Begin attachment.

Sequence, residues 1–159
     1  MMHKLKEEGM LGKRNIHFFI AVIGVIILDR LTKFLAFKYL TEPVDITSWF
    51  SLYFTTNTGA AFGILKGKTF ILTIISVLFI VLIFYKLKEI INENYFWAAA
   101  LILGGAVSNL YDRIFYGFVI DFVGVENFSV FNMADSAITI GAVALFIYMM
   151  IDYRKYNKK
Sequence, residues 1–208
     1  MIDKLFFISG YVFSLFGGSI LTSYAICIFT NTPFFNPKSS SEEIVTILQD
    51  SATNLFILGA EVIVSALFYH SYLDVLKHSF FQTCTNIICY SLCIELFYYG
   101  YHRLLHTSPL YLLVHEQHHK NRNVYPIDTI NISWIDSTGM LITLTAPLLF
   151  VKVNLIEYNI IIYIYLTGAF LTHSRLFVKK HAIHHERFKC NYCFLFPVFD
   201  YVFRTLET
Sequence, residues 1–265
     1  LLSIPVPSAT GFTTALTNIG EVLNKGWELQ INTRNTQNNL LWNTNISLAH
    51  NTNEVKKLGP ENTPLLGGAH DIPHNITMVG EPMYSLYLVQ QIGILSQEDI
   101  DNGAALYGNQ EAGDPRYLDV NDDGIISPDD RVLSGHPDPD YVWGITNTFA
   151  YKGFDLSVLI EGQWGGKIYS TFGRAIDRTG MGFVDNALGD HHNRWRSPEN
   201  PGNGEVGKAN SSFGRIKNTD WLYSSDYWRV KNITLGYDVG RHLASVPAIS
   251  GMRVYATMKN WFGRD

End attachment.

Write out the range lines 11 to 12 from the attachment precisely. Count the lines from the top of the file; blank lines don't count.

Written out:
   201  YVFRTLET
Sequence, residues 1–265